“I oooo!”

Two weeks ago, Deb and I took baby Joy into a Walgreens at 11 pm to buy summer clearance items and Tylenol. Deb printed out some coupons as I wandered (with still-awake Joy in her car seat on top of my grocery cart) over to the summer items that were up to 90% off. Flip-flops were 70% off. Pool noodles were 80% off—just 49 cents each. I grabbed all six of them.

Deb wandered around, looking at discounted shampoos, conditioners, and makeup. After twenty minutes, Joy and I were ready to go. Finally, Deb agreed to check out.

We wandered over to the cashier, an elderly woman who was quite chatty. At first, I paid little attention to what she was saying. I handed her one noodle and told her I had five more in my arms. She scanned it six times and then began tapping Joy on her bare feet with the five-foot noodle.

“Does that tickle your toes, baby? Look at that smile.”

Deb and I smiled.

“Does he walk and talk yet?” asked the cashier. “The reason I ask is that I have a friend who is basically in the same situation as y’all. Her baby doesn’t walk or talk yet.”

Deb said, “Well, we have a girl. Her name is Joy—”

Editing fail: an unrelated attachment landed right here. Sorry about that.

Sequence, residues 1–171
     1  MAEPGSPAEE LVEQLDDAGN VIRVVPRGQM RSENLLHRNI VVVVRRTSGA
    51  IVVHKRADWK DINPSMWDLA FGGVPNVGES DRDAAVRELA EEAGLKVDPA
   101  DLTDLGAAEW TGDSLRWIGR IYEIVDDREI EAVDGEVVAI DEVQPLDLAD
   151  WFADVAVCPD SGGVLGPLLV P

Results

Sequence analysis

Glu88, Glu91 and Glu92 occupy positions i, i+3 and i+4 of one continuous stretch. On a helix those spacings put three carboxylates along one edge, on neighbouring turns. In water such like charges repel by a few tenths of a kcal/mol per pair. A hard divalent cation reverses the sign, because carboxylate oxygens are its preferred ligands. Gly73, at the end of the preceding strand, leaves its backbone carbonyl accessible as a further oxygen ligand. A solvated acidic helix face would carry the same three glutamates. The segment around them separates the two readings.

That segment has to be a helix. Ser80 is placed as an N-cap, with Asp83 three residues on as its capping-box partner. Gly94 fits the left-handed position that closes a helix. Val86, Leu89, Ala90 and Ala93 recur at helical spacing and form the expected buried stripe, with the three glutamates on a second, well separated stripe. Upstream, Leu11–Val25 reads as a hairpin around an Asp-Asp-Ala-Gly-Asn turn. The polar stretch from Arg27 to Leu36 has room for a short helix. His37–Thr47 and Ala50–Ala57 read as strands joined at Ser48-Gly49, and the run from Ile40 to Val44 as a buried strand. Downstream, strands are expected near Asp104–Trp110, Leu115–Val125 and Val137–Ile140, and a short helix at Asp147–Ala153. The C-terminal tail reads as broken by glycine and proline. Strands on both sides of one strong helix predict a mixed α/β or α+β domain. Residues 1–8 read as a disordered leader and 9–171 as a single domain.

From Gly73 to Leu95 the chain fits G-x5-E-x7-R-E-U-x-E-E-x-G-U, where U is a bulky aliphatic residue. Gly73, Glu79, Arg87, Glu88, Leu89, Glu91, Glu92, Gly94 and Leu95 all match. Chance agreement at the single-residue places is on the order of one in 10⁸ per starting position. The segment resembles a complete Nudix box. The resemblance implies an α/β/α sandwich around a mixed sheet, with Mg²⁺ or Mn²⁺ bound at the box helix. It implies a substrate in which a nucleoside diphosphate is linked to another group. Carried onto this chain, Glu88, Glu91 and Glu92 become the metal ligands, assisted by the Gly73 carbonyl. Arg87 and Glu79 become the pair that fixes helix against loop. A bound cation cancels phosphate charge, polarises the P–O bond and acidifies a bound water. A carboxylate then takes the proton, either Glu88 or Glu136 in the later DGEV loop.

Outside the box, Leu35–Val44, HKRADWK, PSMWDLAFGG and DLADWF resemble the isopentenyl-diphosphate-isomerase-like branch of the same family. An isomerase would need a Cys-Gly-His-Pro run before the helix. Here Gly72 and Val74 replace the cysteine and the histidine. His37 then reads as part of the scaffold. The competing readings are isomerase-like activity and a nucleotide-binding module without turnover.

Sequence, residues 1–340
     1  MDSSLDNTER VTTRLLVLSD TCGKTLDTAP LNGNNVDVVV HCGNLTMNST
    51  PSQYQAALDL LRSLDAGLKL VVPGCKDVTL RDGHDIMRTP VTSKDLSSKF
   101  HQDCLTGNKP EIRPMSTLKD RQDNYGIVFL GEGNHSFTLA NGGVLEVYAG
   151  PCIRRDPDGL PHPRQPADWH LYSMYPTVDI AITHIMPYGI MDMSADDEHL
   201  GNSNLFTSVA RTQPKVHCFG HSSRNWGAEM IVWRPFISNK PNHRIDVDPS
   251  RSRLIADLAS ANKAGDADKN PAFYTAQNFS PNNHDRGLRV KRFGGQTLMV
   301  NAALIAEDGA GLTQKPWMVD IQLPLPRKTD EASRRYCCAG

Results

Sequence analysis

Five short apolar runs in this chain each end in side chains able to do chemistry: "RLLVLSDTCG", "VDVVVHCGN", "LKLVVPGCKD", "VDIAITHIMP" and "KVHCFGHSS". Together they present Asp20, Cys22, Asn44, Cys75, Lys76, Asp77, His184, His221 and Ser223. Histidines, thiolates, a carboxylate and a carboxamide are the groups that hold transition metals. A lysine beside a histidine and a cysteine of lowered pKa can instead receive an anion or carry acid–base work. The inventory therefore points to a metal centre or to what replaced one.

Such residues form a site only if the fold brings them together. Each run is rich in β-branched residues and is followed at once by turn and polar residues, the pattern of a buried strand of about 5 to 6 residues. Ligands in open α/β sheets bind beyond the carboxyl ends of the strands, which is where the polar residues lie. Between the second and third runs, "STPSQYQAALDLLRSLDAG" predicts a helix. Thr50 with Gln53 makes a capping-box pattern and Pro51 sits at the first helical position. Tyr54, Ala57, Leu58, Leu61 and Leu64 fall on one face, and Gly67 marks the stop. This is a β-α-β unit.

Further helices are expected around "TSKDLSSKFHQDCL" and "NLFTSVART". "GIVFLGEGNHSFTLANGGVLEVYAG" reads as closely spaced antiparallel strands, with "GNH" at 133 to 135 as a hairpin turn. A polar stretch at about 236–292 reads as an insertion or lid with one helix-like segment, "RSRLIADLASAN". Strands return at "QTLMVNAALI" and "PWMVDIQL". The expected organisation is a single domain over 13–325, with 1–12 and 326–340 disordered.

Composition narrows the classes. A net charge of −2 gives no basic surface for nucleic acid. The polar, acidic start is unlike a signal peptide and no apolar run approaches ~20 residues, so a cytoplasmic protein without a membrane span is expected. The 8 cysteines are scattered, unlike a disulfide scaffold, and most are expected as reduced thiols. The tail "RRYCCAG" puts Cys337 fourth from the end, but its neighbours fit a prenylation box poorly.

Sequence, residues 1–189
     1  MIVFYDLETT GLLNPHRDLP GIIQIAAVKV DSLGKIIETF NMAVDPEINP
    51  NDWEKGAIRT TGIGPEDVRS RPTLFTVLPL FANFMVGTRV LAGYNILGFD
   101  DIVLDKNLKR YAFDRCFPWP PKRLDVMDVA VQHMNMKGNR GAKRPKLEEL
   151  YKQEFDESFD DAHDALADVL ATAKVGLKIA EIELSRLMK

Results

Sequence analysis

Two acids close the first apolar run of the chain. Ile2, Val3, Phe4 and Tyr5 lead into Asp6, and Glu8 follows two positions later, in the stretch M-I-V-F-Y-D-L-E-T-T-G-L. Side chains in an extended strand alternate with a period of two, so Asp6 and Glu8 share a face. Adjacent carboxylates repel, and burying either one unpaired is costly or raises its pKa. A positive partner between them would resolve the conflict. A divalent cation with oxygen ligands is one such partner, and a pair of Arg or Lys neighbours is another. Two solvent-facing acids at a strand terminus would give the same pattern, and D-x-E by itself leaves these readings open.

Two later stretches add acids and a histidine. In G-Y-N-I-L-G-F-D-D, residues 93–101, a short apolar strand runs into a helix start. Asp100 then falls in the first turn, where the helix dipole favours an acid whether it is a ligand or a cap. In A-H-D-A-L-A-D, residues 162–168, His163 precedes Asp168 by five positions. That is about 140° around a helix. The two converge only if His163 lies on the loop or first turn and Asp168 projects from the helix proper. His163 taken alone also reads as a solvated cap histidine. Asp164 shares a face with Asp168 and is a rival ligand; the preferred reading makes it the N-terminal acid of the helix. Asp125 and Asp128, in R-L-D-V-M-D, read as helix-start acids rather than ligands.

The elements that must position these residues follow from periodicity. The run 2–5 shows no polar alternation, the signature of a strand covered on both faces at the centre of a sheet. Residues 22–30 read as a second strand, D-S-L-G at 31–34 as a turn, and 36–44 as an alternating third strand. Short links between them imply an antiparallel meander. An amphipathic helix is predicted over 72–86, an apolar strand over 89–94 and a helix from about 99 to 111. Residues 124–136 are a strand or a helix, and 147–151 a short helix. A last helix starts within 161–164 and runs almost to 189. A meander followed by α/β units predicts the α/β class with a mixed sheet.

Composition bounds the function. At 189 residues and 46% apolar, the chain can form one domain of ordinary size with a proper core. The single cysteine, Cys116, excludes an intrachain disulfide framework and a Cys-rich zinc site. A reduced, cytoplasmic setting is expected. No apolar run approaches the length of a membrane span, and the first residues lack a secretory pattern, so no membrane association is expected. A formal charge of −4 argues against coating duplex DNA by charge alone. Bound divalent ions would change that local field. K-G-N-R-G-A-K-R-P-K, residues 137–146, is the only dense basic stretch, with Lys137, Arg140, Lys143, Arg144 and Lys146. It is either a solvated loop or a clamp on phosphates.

“Oh, a girl!” The cashier again used the noodle to tap on Joy.  “Oh! Oh! Haha!”

Does this woman not realize that I have five noodles in my hands and could start tapping HER at any moment? I thought.

I look at Joy for hours every day, and I almost never see or think Down syndrome. I think it irritated me that the cashier had looked at my baby for five seconds and saw the “same situation” as her “friend.” And apparently the “situation” wasn’t having the most loving, most beautiful baby in the world. The situation was a delay in walking and speech.

But I was calm. I thought: What would Joy do? Joy would smile and give a hug. So I smiled. I held the noodles tight in my arms.

Joy fell asleep on the way home.

A few days later I used one noodle as packing material for a large item we sold on eBay.

The box was 42 x 24 x 24 inches and weighed 73 pounds. The box would not fit in my car. So I put it on a hand truck and walked it to the UPS Store, which is 0.9 mile away, on Watson. And, yes, I walked back with the empty hand truck. Then I had a nap.

Joy can walk now. She typically takes twenty steps before she sits down. I call that walking. That’s about how many steps I take before sitting down.

Joy can say a few words, too. She says “hi,” “Dada,” “Ah ah ah ah,” and most recently: “I oooo!” (I love you!)

“I oooo!” almost always follows one of her wonderful kisses.

Joy, I love oooo too!

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